Our results also demonstrate that the hamstring curl is the best choice to elicit high LMF muscle activity (>50% MVIC) in people with chronic LBP. This is in agreement with Mok et al. [9], who reported that LMF activity was the highest (40–60% MVIC) during TRX hamstring curl in LBP-free participants. During the hamstring curl in a supine lying position, lifting the pelvis up (trunk extension) is emphasized [8]. This may increase the activation of the lumbar paraspinal muscles, resulting in a higher LMF EMG amplitude [23].

Similar to the results found in healthy individuals [9], our results showed that, in general, greater core muscle activity was observed in individuals with chronic LBP during the lower limb TRX workouts (hip abduction in plank and hamstring curl) than during the upper limb TRX workouts (chest press and 45-degree row). This finding is logical, because during upper limb workouts the participants stood with a relatively wide and stable base of support and the lower limbs bore most of the body weight [8]; thereby the demand on the core muscles might have been less [23, 27]. Specifically, we found that the chest press was the second best position to induce high muscle activity of EO (the best position was hip abduction in plank), and the 45-degree row was the second best position to elicit high muscle activity of LMF (the best was hamstring curl). Our results hint that the chest press may be an alternative to hip abduction in plank to activate the abdominal muscles and the 45-degree row may be an alternative to the hamstring curl to activate the paraspinal muscle among weaker patients with LBP.

Regarding the immediate effects of KT on core muscle activation during different TRX workouts, the insignificant main effects and interaction effects, together with the small effect sizes, implied that taping may not have been effective in improving core muscle activation during the TRX suspension workouts among individuals with chronic LBP. With a few exceptions, the taping might have enhanced LMF muscle activity during the 45-degree row, EO muscle activity during the chest press, and TrAIO muscle activity during hip abduction in plank. Previous studies have suggested that KT applied longitudinally to the lumbar paraspinal muscles can normalize muscle function through mechanoceptor activation [13]. It is plausible that the taping method employed influenced the EMG results. Further experimental study is definitely required to confirm whether elastic taping (with standardized application procedures) can improve core muscle activation in people with chronic LBP.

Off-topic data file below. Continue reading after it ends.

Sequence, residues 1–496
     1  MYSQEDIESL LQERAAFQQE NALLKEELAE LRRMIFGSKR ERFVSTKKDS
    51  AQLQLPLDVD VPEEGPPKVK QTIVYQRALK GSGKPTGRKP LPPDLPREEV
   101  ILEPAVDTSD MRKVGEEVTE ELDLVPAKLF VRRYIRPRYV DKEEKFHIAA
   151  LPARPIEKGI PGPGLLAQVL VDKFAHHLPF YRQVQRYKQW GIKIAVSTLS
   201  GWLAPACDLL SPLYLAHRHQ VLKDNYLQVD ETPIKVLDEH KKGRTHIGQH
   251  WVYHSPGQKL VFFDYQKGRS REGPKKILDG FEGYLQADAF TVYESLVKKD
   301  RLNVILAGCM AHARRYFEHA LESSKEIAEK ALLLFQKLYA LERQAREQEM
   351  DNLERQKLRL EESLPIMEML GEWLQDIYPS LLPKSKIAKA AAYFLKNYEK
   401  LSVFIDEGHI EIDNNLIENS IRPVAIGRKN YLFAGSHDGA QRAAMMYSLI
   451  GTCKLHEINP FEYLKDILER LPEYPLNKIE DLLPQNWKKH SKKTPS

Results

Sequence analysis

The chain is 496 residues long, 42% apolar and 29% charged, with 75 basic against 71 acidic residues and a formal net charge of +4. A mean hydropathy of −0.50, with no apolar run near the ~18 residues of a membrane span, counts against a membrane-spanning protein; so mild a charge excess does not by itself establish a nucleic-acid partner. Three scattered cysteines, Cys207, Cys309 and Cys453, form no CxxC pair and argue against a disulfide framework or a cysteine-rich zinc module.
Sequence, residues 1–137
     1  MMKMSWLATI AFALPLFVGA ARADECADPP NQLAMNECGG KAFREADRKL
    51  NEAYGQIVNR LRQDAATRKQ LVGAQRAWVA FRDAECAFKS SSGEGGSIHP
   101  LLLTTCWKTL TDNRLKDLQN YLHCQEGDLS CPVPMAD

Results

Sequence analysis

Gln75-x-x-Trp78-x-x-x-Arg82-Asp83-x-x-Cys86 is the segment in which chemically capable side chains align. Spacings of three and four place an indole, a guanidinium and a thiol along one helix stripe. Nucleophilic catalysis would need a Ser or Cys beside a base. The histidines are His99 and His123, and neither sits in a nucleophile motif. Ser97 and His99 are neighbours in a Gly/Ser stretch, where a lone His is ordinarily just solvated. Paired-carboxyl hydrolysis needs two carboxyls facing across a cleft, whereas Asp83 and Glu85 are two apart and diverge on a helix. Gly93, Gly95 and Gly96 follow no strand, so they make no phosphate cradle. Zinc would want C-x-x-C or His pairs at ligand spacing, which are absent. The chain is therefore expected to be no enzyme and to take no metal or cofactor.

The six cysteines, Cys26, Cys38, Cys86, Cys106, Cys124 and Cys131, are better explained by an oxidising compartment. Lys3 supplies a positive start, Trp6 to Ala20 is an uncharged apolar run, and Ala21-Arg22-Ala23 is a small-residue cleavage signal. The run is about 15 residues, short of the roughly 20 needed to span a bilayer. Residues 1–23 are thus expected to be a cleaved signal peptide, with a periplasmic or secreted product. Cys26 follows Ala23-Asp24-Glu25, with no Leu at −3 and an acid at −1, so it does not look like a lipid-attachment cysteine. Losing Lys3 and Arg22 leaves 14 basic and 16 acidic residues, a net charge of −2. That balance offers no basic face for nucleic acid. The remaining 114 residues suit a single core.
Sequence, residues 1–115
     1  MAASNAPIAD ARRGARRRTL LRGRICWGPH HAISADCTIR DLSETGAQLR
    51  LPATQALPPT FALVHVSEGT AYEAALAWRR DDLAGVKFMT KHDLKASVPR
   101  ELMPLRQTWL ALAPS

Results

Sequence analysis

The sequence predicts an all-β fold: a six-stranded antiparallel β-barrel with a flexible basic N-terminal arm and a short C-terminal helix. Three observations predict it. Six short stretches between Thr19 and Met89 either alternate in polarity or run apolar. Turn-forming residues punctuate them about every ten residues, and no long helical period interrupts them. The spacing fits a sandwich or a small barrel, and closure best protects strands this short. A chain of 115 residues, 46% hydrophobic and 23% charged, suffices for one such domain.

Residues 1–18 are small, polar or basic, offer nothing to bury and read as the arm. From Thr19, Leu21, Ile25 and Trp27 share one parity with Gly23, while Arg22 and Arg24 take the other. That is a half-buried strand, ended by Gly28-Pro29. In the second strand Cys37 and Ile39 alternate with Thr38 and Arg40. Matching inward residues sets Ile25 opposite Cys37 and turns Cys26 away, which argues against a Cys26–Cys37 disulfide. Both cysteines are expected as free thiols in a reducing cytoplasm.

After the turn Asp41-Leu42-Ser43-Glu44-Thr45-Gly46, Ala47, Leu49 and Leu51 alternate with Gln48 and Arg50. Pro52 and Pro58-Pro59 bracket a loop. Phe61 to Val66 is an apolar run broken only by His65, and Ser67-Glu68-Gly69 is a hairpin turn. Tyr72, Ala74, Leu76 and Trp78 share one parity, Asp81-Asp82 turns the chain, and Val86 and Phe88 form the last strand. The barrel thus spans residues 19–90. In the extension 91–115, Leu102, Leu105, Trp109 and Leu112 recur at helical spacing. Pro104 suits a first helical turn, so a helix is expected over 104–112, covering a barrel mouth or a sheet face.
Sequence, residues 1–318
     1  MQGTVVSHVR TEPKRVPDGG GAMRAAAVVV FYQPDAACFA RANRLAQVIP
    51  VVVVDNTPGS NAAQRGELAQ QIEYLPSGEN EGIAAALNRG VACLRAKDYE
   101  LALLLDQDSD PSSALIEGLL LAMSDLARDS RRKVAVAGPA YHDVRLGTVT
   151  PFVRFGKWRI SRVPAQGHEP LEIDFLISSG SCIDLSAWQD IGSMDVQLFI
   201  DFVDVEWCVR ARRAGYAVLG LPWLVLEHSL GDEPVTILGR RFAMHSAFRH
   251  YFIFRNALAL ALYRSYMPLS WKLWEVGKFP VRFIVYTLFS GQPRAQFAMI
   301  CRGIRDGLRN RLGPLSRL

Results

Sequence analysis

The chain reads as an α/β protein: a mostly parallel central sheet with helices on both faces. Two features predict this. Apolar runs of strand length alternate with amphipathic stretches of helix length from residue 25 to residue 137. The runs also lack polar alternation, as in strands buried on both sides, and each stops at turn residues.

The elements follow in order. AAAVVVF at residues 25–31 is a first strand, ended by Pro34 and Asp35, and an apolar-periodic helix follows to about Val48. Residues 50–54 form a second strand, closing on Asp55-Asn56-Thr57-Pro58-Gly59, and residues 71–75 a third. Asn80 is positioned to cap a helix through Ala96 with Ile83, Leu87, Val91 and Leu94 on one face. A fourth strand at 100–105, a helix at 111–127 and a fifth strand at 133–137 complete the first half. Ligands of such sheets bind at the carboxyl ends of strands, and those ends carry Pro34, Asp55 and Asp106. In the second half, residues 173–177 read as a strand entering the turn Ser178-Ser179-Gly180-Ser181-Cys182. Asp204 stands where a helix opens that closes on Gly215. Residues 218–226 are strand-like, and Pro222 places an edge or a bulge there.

The major limitation of this study is that EMG (%MVIC) was used to examine the level of core muscle activation during the TRX exercises. Although a strong EMG-force linearity was reported for the trunk musculature [28, 29], this is only a rough estimation of muscle force production [30, 31]. It is still not clear whether TRX training can actually strengthen the core muscles. Further randomized controlled trials with larger sample size and perhaps longer KT application period are needed to determine the effectiveness of different TRX exercises with and without KT for strengthening the core muscles in adults with chronic LBP. Another limitation of this study is the lack of a parametrized control in the dynamic EMG test. The movement speed during TRX exercises and the participant’s effort were hard to be controlled so that the participants might not have delivered their maximal effort during EMG data collection. Therefore, the results should be interpreted with caution.

5. Conclusions

The results of this study suggested that TRX hip abduction in plank most effectively activated the TrAIO, RA, and EO, whereas the TRX hamstring curl most effectively activated the LMF in adults with chronic LBP. It seems that applying KT did not have any acute effect on core muscle activation during TRX exercises in this particular group of individuals.

Conflict of Interests

The authors declare that they have no conflict of interests with respect to the authorship or publication of this paper.

Acknowledgments

The authors would like to acknowledge the University of Hong Kong B.S. degree (Exercise and Health) students and all of the study participants. No funding was provided for the preparation of this paper.